Commercial and architectural window products are available in a broader range of materials and styles than ever before, yet one thing remains constant: They're all subject to neglect through lack of proper maintenance. Design, function, energy efficiency, and installation are all scrutinized to a great extent prior to and during the construction process; however, after construction, maintenance is virtually nonexistent. Quite literally, after the final punch-out and cleaning phases of construction are complete, concern for window operation goes unaddressed until something breaks. The problem isn't limited to publicly funded projects, such as schools, hospitals, and universities, but spans the full range, from new construction to retrofit.
It's all too often that large sums of money are spent on window replacement, only to have the windows fail just after the manufacturer's warranty has expired. The problems are not a result of "planned obsolescence," as is the case with so many manufactured products today - the problem lies in the fact that shortsightedness has led to neglect. Once a building is occupied, mechanical, electrical, and communication systems are maintained on a regular service schedule; however, operable windows and hardware are rarely addressed. When you consider that operable windows generally account for between 5 and 7 percent of the initial cost of a building, it seems only prudent that the industry begin to consider maintenance issues for these systems.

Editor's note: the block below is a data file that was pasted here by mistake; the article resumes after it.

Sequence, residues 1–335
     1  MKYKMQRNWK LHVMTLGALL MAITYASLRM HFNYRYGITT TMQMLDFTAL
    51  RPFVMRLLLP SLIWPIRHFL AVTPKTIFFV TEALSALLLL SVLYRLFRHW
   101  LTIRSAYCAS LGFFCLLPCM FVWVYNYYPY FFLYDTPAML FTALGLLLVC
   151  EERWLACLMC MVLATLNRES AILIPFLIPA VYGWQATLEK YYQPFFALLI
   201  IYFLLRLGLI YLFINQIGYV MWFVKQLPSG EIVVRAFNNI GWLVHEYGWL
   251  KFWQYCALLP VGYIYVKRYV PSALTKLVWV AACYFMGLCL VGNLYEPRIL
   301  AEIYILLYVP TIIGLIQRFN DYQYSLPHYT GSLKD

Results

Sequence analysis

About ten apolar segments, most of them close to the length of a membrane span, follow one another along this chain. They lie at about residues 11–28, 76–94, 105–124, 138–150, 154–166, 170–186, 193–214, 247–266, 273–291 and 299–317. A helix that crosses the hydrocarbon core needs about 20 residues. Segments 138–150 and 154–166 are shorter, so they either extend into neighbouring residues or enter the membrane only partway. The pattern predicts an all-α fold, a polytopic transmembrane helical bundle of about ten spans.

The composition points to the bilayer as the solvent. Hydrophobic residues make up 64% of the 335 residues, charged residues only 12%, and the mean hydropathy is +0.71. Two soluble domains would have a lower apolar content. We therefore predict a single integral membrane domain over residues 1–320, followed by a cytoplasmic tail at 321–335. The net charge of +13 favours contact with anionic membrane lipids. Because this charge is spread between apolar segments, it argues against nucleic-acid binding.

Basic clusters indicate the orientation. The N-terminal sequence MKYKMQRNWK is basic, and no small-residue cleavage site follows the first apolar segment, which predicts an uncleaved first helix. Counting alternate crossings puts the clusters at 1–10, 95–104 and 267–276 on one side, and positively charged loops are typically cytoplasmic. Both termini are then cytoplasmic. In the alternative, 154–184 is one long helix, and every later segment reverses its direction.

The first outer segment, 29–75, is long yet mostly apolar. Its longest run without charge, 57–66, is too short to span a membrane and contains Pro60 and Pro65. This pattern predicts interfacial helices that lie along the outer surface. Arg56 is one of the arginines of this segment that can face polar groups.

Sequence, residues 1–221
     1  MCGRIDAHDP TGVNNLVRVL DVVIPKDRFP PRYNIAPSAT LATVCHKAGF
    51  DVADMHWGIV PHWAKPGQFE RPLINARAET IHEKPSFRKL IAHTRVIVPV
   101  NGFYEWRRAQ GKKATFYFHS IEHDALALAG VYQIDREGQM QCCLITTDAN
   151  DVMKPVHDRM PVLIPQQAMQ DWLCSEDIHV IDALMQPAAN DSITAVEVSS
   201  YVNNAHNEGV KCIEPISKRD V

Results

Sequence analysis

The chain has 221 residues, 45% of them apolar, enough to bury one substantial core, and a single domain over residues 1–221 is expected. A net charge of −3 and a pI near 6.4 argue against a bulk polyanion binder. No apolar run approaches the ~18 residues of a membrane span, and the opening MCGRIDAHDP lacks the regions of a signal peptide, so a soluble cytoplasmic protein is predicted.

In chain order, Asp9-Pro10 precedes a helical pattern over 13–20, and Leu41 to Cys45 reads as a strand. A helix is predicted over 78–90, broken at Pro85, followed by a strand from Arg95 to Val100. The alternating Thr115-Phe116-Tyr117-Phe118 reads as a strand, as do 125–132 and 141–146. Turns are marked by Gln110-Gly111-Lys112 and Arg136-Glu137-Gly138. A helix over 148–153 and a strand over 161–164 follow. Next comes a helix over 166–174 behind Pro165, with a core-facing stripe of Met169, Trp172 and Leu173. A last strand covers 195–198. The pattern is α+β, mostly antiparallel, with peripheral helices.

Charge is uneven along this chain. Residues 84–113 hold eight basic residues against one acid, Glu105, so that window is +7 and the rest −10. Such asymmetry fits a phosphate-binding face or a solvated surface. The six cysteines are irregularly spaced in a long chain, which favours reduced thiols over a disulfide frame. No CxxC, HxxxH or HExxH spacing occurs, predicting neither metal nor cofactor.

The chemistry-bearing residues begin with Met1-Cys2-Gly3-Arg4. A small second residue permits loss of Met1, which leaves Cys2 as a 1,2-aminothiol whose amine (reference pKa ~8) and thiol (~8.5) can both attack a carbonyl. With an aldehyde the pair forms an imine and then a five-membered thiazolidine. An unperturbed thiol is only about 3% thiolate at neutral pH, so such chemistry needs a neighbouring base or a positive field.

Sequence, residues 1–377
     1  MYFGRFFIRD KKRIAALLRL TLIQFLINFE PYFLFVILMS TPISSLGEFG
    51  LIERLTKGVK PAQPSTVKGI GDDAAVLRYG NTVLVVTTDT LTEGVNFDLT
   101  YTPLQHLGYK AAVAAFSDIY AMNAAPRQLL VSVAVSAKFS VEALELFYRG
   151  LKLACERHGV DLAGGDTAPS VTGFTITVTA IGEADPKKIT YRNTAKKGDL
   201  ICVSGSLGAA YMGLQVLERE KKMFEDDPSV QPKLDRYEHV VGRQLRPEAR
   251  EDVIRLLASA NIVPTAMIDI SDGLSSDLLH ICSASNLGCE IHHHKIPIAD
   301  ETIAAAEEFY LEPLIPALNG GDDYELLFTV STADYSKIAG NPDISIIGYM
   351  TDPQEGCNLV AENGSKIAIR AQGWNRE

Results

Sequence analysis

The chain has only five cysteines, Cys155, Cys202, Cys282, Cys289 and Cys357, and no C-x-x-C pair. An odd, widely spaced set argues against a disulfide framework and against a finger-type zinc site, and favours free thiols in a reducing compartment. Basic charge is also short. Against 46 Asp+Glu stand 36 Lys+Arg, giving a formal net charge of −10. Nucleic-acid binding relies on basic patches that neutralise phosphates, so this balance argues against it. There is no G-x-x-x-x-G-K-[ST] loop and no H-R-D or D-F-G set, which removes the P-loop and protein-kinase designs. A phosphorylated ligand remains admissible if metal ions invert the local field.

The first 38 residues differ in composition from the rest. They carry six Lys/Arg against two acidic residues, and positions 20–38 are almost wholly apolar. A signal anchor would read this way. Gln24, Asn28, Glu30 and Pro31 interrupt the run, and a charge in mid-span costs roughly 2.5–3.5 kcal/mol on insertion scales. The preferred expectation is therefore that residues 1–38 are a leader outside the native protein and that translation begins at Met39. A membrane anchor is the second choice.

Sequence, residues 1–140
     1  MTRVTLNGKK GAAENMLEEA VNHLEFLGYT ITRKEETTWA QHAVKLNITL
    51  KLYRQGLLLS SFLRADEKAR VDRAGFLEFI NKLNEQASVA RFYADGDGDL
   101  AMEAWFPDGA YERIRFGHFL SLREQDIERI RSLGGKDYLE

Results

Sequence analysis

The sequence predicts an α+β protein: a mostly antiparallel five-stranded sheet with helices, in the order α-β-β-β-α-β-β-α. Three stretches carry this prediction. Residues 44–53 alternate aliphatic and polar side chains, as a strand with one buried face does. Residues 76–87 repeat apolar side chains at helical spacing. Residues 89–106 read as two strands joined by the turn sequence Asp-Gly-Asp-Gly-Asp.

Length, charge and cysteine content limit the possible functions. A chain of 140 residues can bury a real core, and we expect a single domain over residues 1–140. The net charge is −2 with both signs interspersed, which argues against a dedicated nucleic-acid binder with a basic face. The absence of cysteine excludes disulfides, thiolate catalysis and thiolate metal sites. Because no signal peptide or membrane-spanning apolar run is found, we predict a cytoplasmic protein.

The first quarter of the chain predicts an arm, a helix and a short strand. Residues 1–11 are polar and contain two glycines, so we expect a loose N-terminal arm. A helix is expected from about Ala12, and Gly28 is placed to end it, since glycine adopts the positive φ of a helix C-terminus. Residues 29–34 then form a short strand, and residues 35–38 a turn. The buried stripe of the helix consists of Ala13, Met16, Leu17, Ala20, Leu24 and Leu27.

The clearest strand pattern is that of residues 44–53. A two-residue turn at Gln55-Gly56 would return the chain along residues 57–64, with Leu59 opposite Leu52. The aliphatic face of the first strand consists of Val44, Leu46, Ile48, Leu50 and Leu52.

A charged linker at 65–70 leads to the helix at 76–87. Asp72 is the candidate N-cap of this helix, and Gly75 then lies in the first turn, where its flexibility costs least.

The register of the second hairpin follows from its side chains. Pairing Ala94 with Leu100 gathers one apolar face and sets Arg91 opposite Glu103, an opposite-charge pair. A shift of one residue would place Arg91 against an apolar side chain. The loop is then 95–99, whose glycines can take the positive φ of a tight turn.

The problem lies primarily with the sales and installation network: The importance of a yearly maintenance program isn't promoted after the sale. This failed effort leads to hardware, glass, gasket, finish, and leakage problems that could have easily been avoided through proper care. Read the fine print in a window manufacturer's warranty; it typically exonerates the manufacturer if the product hasn't been properly maintained.
The solution to this problem is quite simple: Facilities managers, and those in charge of building maintenance, need to recognize the importance of a regular maintenance program. It's critical to either have your personnel trained by a capable sales or service representative - preferably by the company that sold the windows - or to sign a contract with a local, reputable window company with a history of qualified service to perform semi-annual maintenance.
Just as you change the oil in your car every 3,000 miles or so, windows require the same care and attention to ensure continued, flawless operation. Simply following the short guidelines included here will not only result in the continued proper operation of the windows, but also maintain any remaining factory warranty.
As it has been said, "An ounce of prevention is worth a pound of cure."
Steve Downing is president at Owings Mills, MD-based Window Consultants Inc.